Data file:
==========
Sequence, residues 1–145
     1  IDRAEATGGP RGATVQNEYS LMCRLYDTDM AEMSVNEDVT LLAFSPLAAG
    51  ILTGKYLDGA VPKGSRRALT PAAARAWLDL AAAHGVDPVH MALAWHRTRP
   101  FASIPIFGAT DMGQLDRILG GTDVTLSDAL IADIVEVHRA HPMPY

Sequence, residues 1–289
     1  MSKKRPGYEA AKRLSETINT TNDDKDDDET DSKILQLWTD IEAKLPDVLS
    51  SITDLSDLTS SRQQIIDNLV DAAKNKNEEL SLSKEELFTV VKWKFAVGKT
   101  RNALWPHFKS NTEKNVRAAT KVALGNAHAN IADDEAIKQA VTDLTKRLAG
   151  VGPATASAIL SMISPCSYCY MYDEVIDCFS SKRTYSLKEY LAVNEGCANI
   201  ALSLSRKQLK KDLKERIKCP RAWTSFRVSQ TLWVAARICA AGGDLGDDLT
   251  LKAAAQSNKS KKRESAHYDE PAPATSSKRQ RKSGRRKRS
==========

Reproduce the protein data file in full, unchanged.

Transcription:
Sequence, residues 1–145
     1  IDRAEATGGP RGATVQNEYS LMCRLYDTDM AEMSVNEDVT LLAFSPLAAG
    51  ILTGKYLDGA VPKGSRRALT PAAARAWLDL AAAHGVDPVH MALAWHRTRP
   101  FASIPIFGAT DMGQLDRILG GTDVTLSDAL IADIVEVHRA HPMPY

Sequence, residues 1–289
     1  MSKKRPGYEA AKRLSETINT TNDDKDDDET DSKILQLWTD IEAKLPDVLS
    51  SITDLSDLTS SRQQIIDNLV DAAKNKNEEL SLSKEELFTV VKWKFAVGKT
   101  RNALWPHFKS NTEKNVRAAT KVALGNAHAN IADDEAIKQA VTDLTKRLAG
   151  VGPATASAIL SMISPCSYCY MYDEVIDCFS SKRTYSLKEY LAVNEGCANI
   201  ALSLSRKQLK KDLKERIKCP RAWTSFRVSQ TLWVAARICA AGGDLGDDLT
   251  LKAAAQSNKS KKRESAHYDE PAPATSSKRQ RKSGRRKRS